Why are lions so frequent in European iconography if lions weren't native there

Oct 2015
Beyond the Pale
The last lions in Europe vanished around some time around 100 BCE


And yet, over a thousand years later, we still see the lion in European iconography, from places as diverse as the Kingdom of England


and the Venetian republic.

Its likely there might be other examples im missing

So whats the deal here? Is it simply a long lasting cultural memory? Animals are usually found in the art of people who encounter them, no one in the Venetian republic or the kingdom of England was going to happen to encounter a lion


Forum Staff
Oct 2011
Italy, Lago Maggiore
Or a unicorn ... Anyway the unicorn or the dragon were present as well.

Iconography is made also by symbolism and the lion is a powerful symbol [present also in the bible, btw, the Lion of the tribe of Judah ...].
Jan 2016
Beyond Highbrow
So whats the deal here? Is it simply a long lasting cultural memory?
Maybe they simply imported lions from elsewhere ??? So not just "cultural memory" alone.

And "cultural memory" could be reinforced by Roman and Greek sculptures showing lions.


Ad Honorem
Jun 2015
Europe isn't that far from Africa or the Middle East. Hence the Barbary Lion.

So even though there were no native lions in Europe for many centuries, they still heard of them, seen them, hence why they and us see them as noble/strong animals.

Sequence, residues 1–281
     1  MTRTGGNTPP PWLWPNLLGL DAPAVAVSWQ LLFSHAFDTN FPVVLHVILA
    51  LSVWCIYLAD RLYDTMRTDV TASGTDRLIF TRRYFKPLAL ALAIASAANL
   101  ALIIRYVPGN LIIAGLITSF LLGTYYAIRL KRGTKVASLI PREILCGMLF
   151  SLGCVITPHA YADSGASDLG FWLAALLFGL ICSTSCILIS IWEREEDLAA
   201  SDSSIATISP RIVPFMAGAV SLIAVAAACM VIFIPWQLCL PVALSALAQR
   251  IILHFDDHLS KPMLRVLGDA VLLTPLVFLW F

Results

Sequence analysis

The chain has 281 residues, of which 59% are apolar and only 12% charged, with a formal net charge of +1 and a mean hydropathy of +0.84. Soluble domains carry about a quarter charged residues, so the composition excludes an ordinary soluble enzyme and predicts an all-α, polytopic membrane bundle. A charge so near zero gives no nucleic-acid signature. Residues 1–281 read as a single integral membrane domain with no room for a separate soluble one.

Without doubt the Romans and Greeks knew lions. I'd be highly surprised if Charlemagne, Justinian I, Alfred the Great, Cnut the Great, Phillip Augustus, etc. had never heard of nor seen a lion in the flesh.


Ad Honorem
Jun 2012
The Romans used to import lions for the gladiatorial games, at least one or two might have escaped transport giving home for the local hero slays a lion, and course there is another part of the population of lions in stories and knowledge - the European wild cat exists having a massive range across Europe and giving room for the story where some hero slays it.
Apr 2011
There is also a lion in Finlands coat of arms. Since 16th century at least. I guess it was just a popular animal in heraldry.


Ad Honorem
Sep 2011
The Greeks and the Romams were around at the when there were still European lions. It was part of their iconography. And iconography tends to be pretty conservative. And since subsequent Europeans looked back to and admired the Greeks and the Romans, the latter in particular for most of history, the Graeco-Roman iconography, lions included, was kept in circulation.

There's is no specific need for European architecture to have kept building stuff along the lines of the Greek and Romans either. They just did, imitation being the sincerest form of flattery, as they say...


Forum Staff
Oct 2011
Italy, Lago Maggiore
Have you ever wondered why cats [which live in enormous numbers in Europe] are not so present in iconography and heraldry?

Personally I would prefer a cat to a lion [I can use a heraldry showing a swan, in reality], but you know ... noble persons think big.

Anyway, a part opinions, it's all evident that the lion is a powerful symbol.

Regarding why this symbol has survived during centuries, I would remark that there is a direct contact with lions [and tigers]: Romans. Romans knew where lions lived ["hic sunt leones", you know ...] and they carried lions [and tigers] to Rome for the Colosseum. They left Christians and others to lions in that notorious amphitheater. If you are curious about this, you can still visit the original "rooms" where they kept the lions under the Colosseum. Next time you will be in Rome take a taxi and go and take a look. If there will be no strikes, the Colosseum will be open for tourists.
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